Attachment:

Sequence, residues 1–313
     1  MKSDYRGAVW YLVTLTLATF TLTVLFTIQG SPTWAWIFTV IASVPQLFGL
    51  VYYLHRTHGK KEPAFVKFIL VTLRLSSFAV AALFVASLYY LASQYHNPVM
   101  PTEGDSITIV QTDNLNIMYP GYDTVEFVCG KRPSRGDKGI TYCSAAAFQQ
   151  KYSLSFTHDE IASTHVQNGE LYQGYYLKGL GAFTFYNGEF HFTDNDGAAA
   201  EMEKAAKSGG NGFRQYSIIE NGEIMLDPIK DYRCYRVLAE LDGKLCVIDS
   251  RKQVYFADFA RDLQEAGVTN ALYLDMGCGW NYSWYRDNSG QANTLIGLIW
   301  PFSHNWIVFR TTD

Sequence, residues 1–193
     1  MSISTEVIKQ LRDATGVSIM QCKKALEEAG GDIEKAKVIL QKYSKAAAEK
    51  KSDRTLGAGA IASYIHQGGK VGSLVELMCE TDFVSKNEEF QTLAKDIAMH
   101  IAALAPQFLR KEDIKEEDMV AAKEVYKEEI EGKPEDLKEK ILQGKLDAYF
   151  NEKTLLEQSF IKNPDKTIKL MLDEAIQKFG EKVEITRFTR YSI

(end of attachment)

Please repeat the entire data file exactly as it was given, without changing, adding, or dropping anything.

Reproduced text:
Sequence, residues 1–313
     1  MKSDYRGAVW YLVTLTLATF TLTVLFTIQG SPTWAWIFTV IASVPQLFGL
    51  VYYLHRTHGK KEPAFVKFIL VTLRLSSFAV AALFVASLYY LASQYHNPVM
   101  PTEGDSITIV QTDNLNIMYP GYDTVEFVCG KRPSRGDKGI TYCSAAAFQQ
   151  KYSLSFTHDE IASTHVQNGE LYQGYYLKGL GAFTFYNGEF HFTDNDGAAA
   201  EMEKAAKSGG NGFRQYSIIE NGEIMLDPIK DYRCYRVLAE LDGKLCVIDS
   251  RKQVYFADFA RDLQEAGVTN ALYLDMGCGW NYSWYRDNSG QANTLIGLIW
   301  PFSHNWIVFR TTD

Sequence, residues 1–193
     1  MSISTEVIKQ LRDATGVSIM QCKKALEEAG GDIEKAKVIL QKYSKAAAEK
    51  KSDRTLGAGA IASYIHQGGK VGSLVELMCE TDFVSKNEEF QTLAKDIAMH
   101  IAALAPQFLR KEDIKEEDMV AAKEVYKEEI EGKPEDLKEK ILQGKLDAYF
   151  NEKTLLEQSF IKNPDKTIKL MLDEAIQKFG EKVEITRFTR YSI